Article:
8 Cuban migrants and 1 cute dog on way to U.S. found on inhabited Caribbean island

Eight Cuban migrants and a small Pekingese dog were detained by federal authorities after being found on a remote, uninhabited island near the U.S. territory.

The group landed on Mona Island, just west of Puerto Rico, and were detected by Aeromaritime Unit officers with the U.S. Customs and Border Protection (CBP), the agency said on Thursday.

Officials say that a child was part of the group and that the federal agency is temporarily caring for the dog.

Even though there are no native inhabitants on Mona Island, a natural reserve, rangers from the island's Department of Natural and Environmental Resources reside there to manage visitors and take part in research projects.

A CBP helicopter transported the group to Aguadilla, on the northern Puerto Rican coast, where they were being processed by the Ramey Border Patrol.

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In a statement posted by El Nuevo Dia, the CBP said it promotes safe, legal and orderly migration from Cuba and dissuaded anybody from attempting to cross the treacherous strip between Puerto Rico and La Hispaniola.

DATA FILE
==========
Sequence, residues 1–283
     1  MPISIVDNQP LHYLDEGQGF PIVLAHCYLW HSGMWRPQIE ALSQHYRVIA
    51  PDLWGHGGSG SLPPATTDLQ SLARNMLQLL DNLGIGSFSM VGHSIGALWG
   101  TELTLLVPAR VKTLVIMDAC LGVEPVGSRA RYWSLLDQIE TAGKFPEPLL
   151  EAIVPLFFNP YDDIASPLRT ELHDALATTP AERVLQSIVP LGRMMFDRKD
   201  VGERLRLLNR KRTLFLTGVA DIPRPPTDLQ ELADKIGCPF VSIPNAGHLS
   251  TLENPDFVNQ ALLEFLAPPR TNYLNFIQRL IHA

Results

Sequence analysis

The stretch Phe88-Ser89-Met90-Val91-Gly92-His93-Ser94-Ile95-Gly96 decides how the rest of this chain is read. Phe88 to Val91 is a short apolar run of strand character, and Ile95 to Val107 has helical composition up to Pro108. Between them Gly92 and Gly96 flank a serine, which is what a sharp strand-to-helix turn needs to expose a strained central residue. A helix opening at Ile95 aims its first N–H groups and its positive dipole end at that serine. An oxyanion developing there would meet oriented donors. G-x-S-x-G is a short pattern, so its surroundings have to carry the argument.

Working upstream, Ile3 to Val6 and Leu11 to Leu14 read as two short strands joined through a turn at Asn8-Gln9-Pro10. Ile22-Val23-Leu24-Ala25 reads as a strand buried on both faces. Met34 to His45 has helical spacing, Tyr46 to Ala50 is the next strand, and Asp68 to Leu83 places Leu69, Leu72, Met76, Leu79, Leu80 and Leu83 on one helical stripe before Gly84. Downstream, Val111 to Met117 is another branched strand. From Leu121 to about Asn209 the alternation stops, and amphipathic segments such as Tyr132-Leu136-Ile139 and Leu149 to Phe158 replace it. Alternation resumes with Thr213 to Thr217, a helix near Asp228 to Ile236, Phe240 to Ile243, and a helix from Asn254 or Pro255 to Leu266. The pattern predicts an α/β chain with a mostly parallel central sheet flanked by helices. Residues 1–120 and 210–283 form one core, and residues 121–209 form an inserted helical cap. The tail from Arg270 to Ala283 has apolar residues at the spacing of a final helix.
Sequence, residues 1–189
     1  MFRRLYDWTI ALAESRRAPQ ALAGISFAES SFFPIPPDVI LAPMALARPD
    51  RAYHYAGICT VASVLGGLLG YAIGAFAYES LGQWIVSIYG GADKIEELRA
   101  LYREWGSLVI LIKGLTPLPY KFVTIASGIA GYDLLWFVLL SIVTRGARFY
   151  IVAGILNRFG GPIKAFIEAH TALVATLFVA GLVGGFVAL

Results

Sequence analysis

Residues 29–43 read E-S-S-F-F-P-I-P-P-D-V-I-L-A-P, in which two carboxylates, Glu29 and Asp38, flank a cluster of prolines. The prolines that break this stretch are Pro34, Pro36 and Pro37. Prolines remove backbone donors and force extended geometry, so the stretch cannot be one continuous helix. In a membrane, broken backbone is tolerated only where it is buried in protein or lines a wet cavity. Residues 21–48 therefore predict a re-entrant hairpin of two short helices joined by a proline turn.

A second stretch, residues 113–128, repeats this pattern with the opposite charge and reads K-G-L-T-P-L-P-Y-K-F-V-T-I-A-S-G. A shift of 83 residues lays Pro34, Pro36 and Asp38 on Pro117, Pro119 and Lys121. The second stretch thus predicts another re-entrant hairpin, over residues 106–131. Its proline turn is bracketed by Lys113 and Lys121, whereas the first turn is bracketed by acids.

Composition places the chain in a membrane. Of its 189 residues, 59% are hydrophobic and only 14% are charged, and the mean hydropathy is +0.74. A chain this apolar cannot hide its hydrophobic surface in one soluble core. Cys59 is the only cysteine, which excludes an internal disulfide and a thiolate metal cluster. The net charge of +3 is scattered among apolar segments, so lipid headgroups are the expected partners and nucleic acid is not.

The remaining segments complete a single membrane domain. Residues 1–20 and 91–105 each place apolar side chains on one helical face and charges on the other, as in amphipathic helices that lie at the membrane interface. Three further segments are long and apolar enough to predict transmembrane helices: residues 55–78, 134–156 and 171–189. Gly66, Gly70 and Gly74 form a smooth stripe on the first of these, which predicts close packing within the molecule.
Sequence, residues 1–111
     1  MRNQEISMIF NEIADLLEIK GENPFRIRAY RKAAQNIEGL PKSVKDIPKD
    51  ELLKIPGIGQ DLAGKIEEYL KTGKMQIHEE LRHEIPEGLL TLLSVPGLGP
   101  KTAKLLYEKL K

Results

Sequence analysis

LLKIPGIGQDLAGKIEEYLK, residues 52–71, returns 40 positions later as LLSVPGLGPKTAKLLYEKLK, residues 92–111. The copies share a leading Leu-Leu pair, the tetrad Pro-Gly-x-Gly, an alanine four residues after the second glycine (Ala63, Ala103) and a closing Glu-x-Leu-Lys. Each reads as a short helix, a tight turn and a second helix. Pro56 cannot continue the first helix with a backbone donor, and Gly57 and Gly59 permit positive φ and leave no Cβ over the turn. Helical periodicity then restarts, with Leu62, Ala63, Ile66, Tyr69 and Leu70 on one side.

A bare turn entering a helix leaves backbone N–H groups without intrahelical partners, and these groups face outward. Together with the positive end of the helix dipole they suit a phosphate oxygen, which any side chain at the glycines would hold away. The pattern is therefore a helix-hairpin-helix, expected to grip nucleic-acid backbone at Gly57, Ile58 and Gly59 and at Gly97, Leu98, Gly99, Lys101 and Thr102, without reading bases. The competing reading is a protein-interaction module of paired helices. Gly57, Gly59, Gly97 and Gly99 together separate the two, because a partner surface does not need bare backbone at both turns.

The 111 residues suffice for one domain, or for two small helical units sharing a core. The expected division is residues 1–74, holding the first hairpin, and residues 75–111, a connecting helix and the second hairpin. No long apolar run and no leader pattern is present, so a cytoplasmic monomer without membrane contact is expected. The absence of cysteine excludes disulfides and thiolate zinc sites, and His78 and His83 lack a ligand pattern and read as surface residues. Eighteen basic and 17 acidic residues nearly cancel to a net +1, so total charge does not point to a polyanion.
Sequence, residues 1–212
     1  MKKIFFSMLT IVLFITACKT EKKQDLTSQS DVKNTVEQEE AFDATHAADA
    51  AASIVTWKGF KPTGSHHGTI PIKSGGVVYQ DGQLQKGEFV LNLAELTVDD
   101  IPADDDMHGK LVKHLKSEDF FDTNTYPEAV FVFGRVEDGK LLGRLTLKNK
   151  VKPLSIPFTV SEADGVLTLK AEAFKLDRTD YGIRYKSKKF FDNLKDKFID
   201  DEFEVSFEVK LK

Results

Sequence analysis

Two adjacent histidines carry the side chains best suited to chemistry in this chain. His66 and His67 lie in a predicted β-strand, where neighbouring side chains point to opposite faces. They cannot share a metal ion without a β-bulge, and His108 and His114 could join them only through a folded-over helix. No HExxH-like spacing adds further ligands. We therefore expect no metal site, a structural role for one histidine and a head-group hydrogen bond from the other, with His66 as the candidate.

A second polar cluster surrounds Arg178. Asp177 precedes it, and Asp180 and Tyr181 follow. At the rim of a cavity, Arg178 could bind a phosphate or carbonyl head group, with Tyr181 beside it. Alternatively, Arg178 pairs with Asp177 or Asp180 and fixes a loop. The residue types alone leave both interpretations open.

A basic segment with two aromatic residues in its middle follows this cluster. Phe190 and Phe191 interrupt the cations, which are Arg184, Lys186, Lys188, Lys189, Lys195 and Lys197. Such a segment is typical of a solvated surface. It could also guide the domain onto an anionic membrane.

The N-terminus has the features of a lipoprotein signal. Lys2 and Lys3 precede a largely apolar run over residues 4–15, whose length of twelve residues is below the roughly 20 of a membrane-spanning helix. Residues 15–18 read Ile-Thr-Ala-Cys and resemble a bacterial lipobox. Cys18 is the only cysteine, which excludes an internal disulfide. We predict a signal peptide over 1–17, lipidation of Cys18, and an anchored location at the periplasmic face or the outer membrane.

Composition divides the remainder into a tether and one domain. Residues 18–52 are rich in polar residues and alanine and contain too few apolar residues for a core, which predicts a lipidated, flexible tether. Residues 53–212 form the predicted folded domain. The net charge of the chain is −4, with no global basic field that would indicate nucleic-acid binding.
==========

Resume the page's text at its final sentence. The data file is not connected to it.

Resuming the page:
"We reiterate our warning about the danger of crossing the Mona Passage. Many people have drowned near the shore because they were forced to swim," said CBP's Aeromaritime Unit chief Johnny Morales.

"CBP maintains a strong position regarding the enforcement of our immigration laws along the country's borders and coastal areas," he added.

Cubans are increasingly leaving their island amid fears they might lose a special status that gives Cubans automatic residency in the United States if they reach U.S. soil.

Federal agents have detained more than 150 Cuban migrants in the region so far this fiscal year.

Based on reporting by the Associated Press.

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